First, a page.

Notable tracks:

“Lovers in Love”

“Everyone Is Golden”

“Mornings”

American Ghetto (2010)

+9 
PTM - american

PTM’s name is apparently an idea inspired by David Bowie’s larger-than-life fame and character. Even more, the band has been inspired by Bowie’s chameleon-like tendencies to shapeshift across multiple genres and styles. The band has always cited hip-hop acts such as Wu-Tang Clan and the Beastie Boys as influences, but with American Ghetto it dives into hip-hop and electronic-based rock. For this album, recorded in about 10 days, the band partnered again with The Satanic Satanist producer Anthony Saffery to make an album based in its beats and that used the studio as an instrument, but it never feels overproduced. Instead, its electronic foundation acts as a platform for the band to play around, like young musicians discovering their sound again, which makes sense when hearing Gourley talk about the record. In an interview with Rolling Stone he said of the album, “It’s about places we used to go growing up—it’s kind of a fun record that way.”

Notable tracks:

“60 Years”

“The Pushers Party”

“Just a Fool”

In the Mountain in the Cloud (2011)

+9 
PTM - mountain cloud

Continuing an-album-a-year streak, PTM’s sixth studio album, In the Mountain in the Cloud, marks the band’s major record label debut with Atlantic Records. Recorded in a span of eight months, In the Mountain in the Cloud feels like an amalgamation of everything the band had been working toward and everything it would continue to do—electronic processed beats, guitar-driven tunes, synths and string sections, choruses of deeply philosophical, anti-conformist chants. The future, past and present collide in PTM’s major-label debut, with tracks like “Got It All (This Can’t Be Living Now)” and “All Your Light” acting as forwards to their later albums. Along with the album, PTM also created a short film, directed by Michael Ragen, called Sleep Forever, combining the songs “Sleep Forever” and “Got it All,” to tell a grisly tale of a man, his dogs and his gun.

Notable tracks:

“Floating (Time Isn’t Working My Side)”

“Head Is a Flame (Cool With It)”

“Once Was One”

Evil Friends (2013)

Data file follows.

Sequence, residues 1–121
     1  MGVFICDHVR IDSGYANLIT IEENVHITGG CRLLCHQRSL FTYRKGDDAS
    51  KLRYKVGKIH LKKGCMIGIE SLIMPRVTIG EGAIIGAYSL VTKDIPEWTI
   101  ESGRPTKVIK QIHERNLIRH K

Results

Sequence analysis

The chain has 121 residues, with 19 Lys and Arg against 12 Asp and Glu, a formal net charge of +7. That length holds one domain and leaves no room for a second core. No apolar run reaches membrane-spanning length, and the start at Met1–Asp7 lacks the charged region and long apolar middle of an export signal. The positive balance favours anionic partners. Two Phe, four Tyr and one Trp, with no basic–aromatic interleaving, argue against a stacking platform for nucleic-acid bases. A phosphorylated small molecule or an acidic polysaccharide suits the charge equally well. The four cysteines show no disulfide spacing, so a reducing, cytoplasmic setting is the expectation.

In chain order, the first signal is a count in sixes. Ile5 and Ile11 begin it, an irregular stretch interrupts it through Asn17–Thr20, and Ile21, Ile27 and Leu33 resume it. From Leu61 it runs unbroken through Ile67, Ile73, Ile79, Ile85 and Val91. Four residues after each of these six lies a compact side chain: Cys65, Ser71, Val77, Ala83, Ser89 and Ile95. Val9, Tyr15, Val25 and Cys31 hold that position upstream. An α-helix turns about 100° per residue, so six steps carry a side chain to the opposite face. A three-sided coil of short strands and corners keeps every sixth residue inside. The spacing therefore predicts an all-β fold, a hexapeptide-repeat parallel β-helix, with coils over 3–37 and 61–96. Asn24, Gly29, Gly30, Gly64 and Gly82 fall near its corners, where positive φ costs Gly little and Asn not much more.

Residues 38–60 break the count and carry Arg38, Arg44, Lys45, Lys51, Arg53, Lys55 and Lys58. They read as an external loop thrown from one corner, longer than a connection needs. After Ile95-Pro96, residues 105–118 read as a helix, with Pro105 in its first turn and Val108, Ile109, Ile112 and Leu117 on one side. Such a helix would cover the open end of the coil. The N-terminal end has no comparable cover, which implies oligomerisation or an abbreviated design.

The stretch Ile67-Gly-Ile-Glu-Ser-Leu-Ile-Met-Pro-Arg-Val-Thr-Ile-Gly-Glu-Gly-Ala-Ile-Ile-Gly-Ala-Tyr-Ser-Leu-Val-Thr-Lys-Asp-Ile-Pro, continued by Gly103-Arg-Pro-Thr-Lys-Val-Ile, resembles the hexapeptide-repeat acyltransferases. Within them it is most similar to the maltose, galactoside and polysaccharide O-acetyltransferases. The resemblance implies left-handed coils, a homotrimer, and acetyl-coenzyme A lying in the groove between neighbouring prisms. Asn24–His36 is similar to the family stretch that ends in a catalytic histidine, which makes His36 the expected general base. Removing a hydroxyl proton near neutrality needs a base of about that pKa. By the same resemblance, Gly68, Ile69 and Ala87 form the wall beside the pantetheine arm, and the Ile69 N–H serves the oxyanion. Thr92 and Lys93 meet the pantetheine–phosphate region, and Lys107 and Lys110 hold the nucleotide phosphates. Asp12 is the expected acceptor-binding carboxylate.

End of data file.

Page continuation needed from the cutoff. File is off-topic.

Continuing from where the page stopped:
+9 
PTM - evil

Don’t take it personally, but Portugal. The Man doesn’t want to be your friend. The band’s sophomore album with Atlantic and seventh full-length Evil Friends feels like a resounding “f**k off” to their critics, to the U.S. government, to your modern Jesus, to fame and to your punk-rock sensibility. Funny enough, Evil Friends became one of the band’s more commercially successful albums, with the songs “Purple Yellow Red and Blue” making an appearance on the FIFA 14 video game soundtrack and “Evil Friends” garnering the band some Taco Bell bucks as it was featured in a commercial for the Grilled Stuff Nacho. Produced by Danger Mouse, who has worked with Gnarls Barkley, Broken Bells and MF Doom, Evil Friends is unabashed in its hard truths of fading friendships and faith. The synthesizers and keyboard sections, though they’ve always been used by the band, take a front seat in this album letting pianist Kyle O’Quin stand out in songs like “Modern Jesus” and “Holy Roller [Hallelujah].”

Notable tracks:

“Plastic Soldiers”

“Creep In a T-Shirt”

“Sea of Air”

Woodstock (2017)

+9 
PTM - woodstock

With PTM’s latest effort, the band, which made a career shape shifting into new sonic animals, makes its biggest change by venturing into the world of straight pop. It’s pop, but it’s self-aware, critical and just a little bit pissed off. The album’s name was inspired by the ‘60s music festival and Gourley’s attraction to music crafted around social and political commentary. After finding his father’s ticket stub from Woodstock in 1969, the album, previously with the working title Gloomin + Doomin, took about four years to record. Using the talents of producers Bates, John Hill and Mike D, Woodstock has been the band’s most commercially successful albums, with songs like “Feel It Still” landing them a Grammy and “Live in the Moment” peaking at number one on the Billboard Alternative Songs chart in March.

Notable tracks:

“Number One”

“Rich Friends”

“Noise Pollution”

+9 
PTM

Zachary Carothers holds up Portugal. The Man's double platinum record for the song "Feel It Still." Photo courtesy of Atlantic Records

Portugal. The Man will be performing at the Prochnow Auditorium Saturday, April 14, with openers Tiny Bird. Tickets are $40 for the public, $35 for NAU faculty or staff and $25 for NAU or CCC students with ID. More information at www.portugaltheman.com

0
0
0
0
0

Load comments